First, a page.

Most villagers do their work in their houses, involving their family members. The raw jute is dyed in the courtyard; dyeing involves chemicals, and the furnace produces toxic fumes, hence can’t be done inside homes. Once the dyed jutes are dried they are distributed among workers to detangle. The process of combing is done in separate rooms or temporary workshops outside the house. The dust generated from brushing the jutes is another health hazard. Sometimes the workers just use pieces of cloth to cover their faces. The village does not have proper sewage or disposal process for the residue chemical waste either.

Due to the introduction of automated machines, manual workers are losing their work. Though the quality of machine-made hair is not at par with their handmade variety, it is cheaper, hence popular in the wholesale market. The cost of raw materials is also increasing every year. The introduction of GST has increased the price further. Earlier hair prepared in Parbatipur was exported all over India, and some also exported to Bangladesh. But now the idol makers of other states and Bangladesh are taking hair from their local hair makers to avoid increasing transport cost and export cost. After almost 60 years, the craft is still a small-scale cottage industry, with no market beyond the idol-making craft.

Because of its dependence on idol-making, the artificial hair-making industry is of a seasonal nature. Hindu festivals do take place throughout the year, but the main demand is just after monsoon, beginning from August, when the idol-making studios get busy with preparation for the festive season. After monsoon they buy raw jute from Hooghly and Nadia districts as jute is only harvested during the monsoon season. The raw jute is dyed and takes long time to dry in the open. Workers have to keep constant vigil on weather because sudden rain extend the drying process. Usually it takes two to three days to dry in sunlight. Women of the household are involved in many stages of work. They clean, comb and separate the jute and roll them on sticks. The finished hair is packaged and shipped to wholesalers in Kolkata and other parts of West Bengal.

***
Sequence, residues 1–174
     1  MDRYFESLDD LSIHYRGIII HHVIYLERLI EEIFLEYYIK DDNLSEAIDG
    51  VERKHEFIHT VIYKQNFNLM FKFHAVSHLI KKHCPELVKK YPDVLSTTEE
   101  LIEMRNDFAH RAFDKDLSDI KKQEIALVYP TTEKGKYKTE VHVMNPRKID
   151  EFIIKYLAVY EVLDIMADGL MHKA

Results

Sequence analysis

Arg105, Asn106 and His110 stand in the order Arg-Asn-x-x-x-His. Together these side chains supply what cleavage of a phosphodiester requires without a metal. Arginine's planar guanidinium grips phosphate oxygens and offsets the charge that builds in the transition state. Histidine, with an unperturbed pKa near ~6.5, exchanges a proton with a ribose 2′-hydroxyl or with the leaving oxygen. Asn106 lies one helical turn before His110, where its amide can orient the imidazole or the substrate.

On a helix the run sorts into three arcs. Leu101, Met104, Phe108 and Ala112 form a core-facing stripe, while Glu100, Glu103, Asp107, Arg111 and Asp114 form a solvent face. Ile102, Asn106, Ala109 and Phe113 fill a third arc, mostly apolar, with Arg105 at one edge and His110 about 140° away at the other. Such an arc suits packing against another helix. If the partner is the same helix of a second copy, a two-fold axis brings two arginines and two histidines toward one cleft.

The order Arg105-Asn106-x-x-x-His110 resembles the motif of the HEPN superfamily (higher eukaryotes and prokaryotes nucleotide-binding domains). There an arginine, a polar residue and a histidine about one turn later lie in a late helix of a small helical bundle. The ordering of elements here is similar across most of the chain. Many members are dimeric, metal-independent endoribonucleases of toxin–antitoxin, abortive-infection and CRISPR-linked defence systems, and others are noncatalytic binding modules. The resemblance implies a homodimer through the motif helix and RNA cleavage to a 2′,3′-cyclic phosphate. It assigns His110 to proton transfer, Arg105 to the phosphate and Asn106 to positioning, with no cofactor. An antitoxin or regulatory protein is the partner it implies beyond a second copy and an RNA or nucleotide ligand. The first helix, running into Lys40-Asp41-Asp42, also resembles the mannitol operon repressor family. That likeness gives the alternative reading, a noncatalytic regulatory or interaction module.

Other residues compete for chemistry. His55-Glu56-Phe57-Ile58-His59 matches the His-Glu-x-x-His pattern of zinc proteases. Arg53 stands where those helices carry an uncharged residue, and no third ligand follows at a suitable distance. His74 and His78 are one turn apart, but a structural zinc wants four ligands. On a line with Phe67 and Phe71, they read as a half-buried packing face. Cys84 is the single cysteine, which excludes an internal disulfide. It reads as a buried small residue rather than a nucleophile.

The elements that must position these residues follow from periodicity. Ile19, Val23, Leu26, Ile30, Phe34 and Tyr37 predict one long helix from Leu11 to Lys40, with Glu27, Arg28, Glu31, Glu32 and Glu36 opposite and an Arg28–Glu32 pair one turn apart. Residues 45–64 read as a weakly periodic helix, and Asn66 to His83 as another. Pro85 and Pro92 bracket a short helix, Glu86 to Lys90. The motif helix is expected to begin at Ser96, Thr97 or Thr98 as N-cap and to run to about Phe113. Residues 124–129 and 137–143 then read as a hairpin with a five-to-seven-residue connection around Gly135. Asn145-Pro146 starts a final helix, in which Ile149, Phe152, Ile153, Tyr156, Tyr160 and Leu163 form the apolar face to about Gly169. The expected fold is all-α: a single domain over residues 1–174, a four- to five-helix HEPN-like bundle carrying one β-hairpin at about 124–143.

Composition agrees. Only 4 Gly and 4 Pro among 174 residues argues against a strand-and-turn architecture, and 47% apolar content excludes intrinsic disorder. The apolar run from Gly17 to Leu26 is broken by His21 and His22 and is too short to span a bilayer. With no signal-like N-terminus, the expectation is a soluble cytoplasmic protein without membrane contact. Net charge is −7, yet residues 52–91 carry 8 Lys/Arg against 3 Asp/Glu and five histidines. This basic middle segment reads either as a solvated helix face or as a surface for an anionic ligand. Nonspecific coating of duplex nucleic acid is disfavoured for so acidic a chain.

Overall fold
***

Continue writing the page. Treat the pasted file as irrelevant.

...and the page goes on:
Before the pandemic, artificial hair was supplied for an estimated 30,000 idols during Durga Puja festival and other festivals like Kali Puja, Jagadhhatri Puja, Lakshmi Puja and Saraswati Puja. But the business has been badly hit due to the COVID-19 Pandemic this year. Orders have dropped because many festivals have either been cancelled this year or, if happening, there has been a reduction in budget and numbers. The workers associated with hair-making craft have no alternate means of livelihood. With reduced earnings, and very little savings to fall back on, the workers are expecting help from the government in this period of crisis. The health crisis caused by the spread of COVID-19 has added to the already existing health concerns of workers who work without standard protective gear. 

Parbatipur, though located close to Kolkata, remains largely unknown and is one of the finest examples of communal harmony in Bengal. Durga Puja is considered a sarbojanin utsav, meaning a festival for all, and the festival is incomplete without the contribution of the Muslim families of Parbaitpur who do not let their religion come in the way of their dedication to their profession.